Friday, March 11, 2011
DONALD R. SERFASS/TIMES NEWS  The Tamaqua Anthracite Model Railroad Club display is an HO gauge extravaganza that meanders 1,000-square-feet.

Frank Huegel of South Tamaqua has seen many trains, planes and ships in his military career.

A Boston native, Huegel spent 20 years in the U. S. Navy's Heavy Attack Air Squadron, which included three deployments to Vietnam, Cuba and the South Pacific. The extensive travel help Huegel, a machinist, to cultivate his interest in railroads, ships and aircraft. However, it was trains that always captivated his imagination.

"I've seen trains all over the world. I'm fascinated by steam trains," he says.

Friday, March 4, 2011
Photos by Elsa Kerschner taken at the Mack Museum The oldest Mack bus was used for touring in Chicago in summer and was taken to New Orleans for touring in winter. It had between 750,000 and 1 million miles on it when it was retired. As with all the trucks on exhibit, Curator Don Schumaker said it is in running condition.

At the end of October the popular Mack Museum was moved to what had been the testing center on Lehigh Parkway from its Postal Road location. The test department has been moved to North Carolina.

Entry is through a Heritage Room that traces the growth of the company from 1900. A grandfather clock belonging to John "Jack" Mack and a safe from the Mack Bros. Motor Car Company precede showcases. Trucks and pieces of trucks fill the testing areas.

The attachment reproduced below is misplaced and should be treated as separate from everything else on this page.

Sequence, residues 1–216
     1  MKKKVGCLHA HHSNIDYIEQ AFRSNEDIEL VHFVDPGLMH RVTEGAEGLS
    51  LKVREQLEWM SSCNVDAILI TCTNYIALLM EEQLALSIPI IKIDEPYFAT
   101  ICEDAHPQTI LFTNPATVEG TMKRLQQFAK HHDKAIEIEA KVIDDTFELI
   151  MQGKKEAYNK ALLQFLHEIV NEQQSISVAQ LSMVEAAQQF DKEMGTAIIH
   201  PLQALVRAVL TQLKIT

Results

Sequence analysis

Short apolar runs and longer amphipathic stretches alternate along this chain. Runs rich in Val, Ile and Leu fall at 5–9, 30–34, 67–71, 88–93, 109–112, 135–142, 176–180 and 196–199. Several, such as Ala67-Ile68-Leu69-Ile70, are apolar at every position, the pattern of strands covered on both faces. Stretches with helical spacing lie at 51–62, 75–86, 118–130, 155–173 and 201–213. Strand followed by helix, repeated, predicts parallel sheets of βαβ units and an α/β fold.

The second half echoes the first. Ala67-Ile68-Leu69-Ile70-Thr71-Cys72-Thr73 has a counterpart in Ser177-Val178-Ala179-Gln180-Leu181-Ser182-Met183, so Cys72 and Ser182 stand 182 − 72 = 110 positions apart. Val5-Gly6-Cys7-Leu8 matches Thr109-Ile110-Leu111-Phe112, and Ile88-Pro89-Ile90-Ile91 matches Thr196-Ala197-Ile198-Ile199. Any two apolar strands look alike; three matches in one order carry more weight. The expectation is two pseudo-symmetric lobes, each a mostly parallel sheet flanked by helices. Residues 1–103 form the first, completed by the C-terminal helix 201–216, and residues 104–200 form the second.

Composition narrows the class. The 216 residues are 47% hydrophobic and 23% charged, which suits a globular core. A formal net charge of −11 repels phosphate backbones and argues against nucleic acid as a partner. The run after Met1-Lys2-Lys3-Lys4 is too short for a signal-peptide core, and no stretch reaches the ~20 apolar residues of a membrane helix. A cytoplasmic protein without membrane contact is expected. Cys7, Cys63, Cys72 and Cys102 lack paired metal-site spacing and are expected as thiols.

Friday, February 25, 2011
SPECIAL TO THE TIMES NEWS  Two Jim Thorpe men, Ralph Clay and Zach Miller, are seen in this photo taken in North Carolina at the 145th Anniversary Battle Reenactment of Bentonville. From left: Scott Kuchta, unit president and captain, shown wearing the uniform of a private; Bill Polachek, Clay wearing corporal stripes; Chris Henn and Miller.

Exactly 150 years ago, big things were about to happen in Carbon County. Something similar was happening in Schuylkill County, too, and at other locations.

It was a call to arms; a fever that would redefine the country.

"It was August, 1861, when they started recruiting in Carbon County," says Ted Dombroski, West Hazleton.

Friday, February 18, 2011

According to the 2000 Census, Schuylkill County has a population of 150,000. The largest community has a population of only 15,000, the county seat of Pottsville. The next largest community is Tamaqua, 7,174. Other towns include: Ashland 3,283; Butler Township, 3,588; Frackville, 4,361; Mahanoy City, 4,347; Minersville, 4,552; Orwigsburg, 3,106; Pine Grove, 2,154; Pine Grove Township, 3,930; Rush Township, 3,957; St. Clair, 3,254; Schuylkill Haven; 5,548; Shenandoah, 5,624; Wayne Township, 4,721 and West Penn Township, 3,852.

Friday, February 18, 2011
An early view of the Schuylkill County Courthouse.

Schuylkill County is the story of diversity.

From its towns, to its people, and to the gears that drive its economy, Schuylkill County exhibits a divergence of approaches - something as evident now as during its founding exactly 200 years ago.

The county was created on March 1, 1811, from parts of Berks and Northampton counties and named for the Schuylkill River.